Skip to main content

The Medieval Siege: How to Make a Castle Crumble

Matthew's interests include writing, gaming, movies, and pretending to be Irish despite only having one Irish Great Grandparent.

Read on to learn all about the importance of castles and the methods and weapons of castle siege in the Middle Ages. Pictured above is the Siege of Lisbon in 1147.

Read on to learn all about the importance of castles and the methods and weapons of castle siege in the Middle Ages. Pictured above is the Siege of Lisbon in 1147.

The Importance of Castles

Castles were the technological revolution that ended the dark ages and ushered in the feudal era. The rampant pillaging by barbarian hordes was brought to an abrupt halt by these sturdy structures, which became bastions of military might.

Many of them were placed at key strategic points, thereby granting control over the land for miles around. This made the taking of castles pivotal to any military campaign.

Of course, taking a castle was difficult, hence why they were so valuable in the first place. The art of conducting a siege was a key skill set for any medieval military commander.

Siege is a French word meaning "sitting", and while it did indeed involve "sitting" your army outside the enemy castle, letting your guard down was certainly not an option. Close your eyes for a second, and the defending army would smuggle in some critical supplies or evacuate an important individual right under your nose.

Sieges have a long history. This Assyrian relief, which dates back to 730 BC, depicts an attack on an enemy city.

Sieges have a long history. This Assyrian relief, which dates back to 730 BC, depicts an attack on an enemy city.

Castle Defences

To fully appreciate the challenge facing a besieging army, let's first assess the obstacles in their path.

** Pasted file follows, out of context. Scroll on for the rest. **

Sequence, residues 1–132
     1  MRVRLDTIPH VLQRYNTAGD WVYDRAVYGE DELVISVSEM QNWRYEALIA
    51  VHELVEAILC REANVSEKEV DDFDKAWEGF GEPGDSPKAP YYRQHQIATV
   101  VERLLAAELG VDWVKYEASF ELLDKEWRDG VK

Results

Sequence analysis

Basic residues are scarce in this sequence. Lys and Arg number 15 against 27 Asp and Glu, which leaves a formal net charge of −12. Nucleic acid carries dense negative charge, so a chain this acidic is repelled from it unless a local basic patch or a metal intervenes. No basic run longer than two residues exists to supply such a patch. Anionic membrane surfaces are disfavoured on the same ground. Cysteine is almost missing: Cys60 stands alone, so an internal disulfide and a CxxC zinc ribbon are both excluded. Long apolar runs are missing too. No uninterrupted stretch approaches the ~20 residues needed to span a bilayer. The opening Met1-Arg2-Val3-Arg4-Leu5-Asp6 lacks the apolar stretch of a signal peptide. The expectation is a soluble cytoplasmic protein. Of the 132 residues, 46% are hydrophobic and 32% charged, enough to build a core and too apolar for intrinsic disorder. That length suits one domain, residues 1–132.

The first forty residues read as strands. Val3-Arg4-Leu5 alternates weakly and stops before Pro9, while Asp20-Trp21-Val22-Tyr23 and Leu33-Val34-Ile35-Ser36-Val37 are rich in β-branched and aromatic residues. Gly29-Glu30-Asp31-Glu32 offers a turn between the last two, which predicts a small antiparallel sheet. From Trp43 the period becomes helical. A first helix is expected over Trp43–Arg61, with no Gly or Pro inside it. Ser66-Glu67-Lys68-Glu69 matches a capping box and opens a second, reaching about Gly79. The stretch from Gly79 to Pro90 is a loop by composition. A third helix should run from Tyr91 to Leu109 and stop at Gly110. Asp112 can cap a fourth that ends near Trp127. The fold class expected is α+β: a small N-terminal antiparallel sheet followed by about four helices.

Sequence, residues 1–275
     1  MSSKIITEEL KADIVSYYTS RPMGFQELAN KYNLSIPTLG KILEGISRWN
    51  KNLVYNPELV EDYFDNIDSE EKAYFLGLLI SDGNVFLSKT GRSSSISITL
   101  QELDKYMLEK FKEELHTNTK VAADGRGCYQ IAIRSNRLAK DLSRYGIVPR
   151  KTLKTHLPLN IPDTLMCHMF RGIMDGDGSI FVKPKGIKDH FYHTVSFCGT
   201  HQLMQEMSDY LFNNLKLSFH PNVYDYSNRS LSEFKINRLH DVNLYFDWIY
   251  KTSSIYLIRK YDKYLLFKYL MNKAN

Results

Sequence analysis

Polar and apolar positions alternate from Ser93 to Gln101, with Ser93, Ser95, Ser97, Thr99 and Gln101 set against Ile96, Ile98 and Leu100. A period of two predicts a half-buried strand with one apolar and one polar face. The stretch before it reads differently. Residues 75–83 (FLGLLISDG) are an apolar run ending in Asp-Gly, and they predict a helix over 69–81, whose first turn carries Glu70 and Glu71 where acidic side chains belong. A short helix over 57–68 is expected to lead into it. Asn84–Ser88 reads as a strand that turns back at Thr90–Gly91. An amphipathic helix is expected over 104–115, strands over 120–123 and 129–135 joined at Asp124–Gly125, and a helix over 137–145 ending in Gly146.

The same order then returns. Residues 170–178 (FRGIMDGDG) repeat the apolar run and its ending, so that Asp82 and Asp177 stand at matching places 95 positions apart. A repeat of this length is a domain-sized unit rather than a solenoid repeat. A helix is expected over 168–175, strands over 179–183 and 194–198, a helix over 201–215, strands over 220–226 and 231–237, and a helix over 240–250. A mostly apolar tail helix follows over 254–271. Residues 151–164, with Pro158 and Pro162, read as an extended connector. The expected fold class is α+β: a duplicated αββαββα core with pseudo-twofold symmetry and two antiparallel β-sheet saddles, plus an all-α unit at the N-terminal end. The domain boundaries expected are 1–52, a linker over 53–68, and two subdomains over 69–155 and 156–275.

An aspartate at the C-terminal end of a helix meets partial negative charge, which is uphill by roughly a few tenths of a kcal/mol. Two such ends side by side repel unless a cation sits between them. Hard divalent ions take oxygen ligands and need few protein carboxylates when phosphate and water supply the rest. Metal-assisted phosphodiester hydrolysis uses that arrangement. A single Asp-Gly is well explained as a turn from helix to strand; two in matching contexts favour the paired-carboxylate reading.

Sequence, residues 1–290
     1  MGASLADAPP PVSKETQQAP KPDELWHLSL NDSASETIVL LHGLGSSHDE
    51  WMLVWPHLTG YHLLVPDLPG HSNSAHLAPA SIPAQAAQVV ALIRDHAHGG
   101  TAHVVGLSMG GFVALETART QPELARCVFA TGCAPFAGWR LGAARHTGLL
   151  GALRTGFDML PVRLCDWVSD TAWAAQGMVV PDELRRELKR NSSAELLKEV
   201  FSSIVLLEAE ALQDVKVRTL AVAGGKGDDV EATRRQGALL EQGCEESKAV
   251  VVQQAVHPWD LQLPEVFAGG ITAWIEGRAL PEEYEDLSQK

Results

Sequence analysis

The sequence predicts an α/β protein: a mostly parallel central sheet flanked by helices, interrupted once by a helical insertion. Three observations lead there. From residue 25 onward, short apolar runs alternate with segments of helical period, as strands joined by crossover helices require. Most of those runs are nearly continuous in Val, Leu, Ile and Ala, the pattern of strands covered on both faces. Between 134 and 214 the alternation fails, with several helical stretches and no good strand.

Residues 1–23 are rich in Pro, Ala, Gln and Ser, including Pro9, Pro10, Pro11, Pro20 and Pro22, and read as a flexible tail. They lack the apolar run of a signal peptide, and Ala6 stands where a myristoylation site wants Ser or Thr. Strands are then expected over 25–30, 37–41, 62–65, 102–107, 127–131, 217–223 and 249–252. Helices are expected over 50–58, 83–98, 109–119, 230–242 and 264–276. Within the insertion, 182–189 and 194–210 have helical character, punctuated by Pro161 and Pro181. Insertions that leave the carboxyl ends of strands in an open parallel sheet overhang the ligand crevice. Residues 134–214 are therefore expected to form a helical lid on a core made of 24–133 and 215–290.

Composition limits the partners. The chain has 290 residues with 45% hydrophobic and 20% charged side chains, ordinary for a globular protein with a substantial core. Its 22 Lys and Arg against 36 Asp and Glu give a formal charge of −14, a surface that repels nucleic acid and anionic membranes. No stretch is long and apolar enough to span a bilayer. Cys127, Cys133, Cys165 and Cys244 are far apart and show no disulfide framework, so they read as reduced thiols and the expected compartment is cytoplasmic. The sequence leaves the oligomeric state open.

Castle defences usually included:

  • A motte and bailey. Castes in France and England adopted this basic design around the 11th century. It consists of a wooden tower on a mound (motte) above a walled courtyard (bailey).
  • Ditch. It may not sound like much, but this was a simple yet effective defence. A ditch made it difficult for the attacking army to move siege equipment toward the walls.
  • Moat. Even better than a ditch, regardless of whether it was filled with water or not. Moats became more prevalent in the late middle ages. As well as obstructing siege equipment, they made it difficult for the enemy to dig under the castle wall.

Watch Roel Konijnendijk from the University of Oxford's New College analyse battles from movies and television and repeatedly emphasise the importance of ditches.

Bodiam Castle and Moat in Robertsbridge, United Kingdom. It was built to defend the area against a French invasion during the Hundred Years' War.

Bodiam Castle and Moat in Robertsbridge, United Kingdom. It was built to defend the area against a French invasion during the Hundred Years' War.

Medieval Siege Methods

Here are some of the options available to a besieging army:

1. Starve Them Out

The preferred manner of conducting a siege was to simply surround the castle, cut off supply lines, and starve the defenders into surrender.

Of course, if this was that easy, everyone would have done it this way. The reality is most castles were well stocked with enough supplies to hold out for months. Some castles, such as the ones King Edward I established after conquering Wales, were built near oceans so they could be supplied via sea—a massive headache for the commander of the besieging army.

But many commanders were willing to wait a long time if the castle was particularly valuable and the defences too strong to overcome with force. The longest siege in medieval England was the siege of Kenilworth Castle in 1266, which lasted six months.

Scroll to Continue

Read More From Owlcation

2. Demoralise Them

A scene from The Lord of the Rings: Return of the King has the orcs catapulting severed heads over the walls of Minas Tirith. This was actually a popular tactic in the Middle Ages. Terror was more powerful than a trebuchet when wielded effectively against soldiers that were already suffering from starvation and claustrophobia.

Crusaders bombard Nicaea with heads in 1097.

Crusaders bombard Nicaea with heads in 1097.

3. Biological Warfare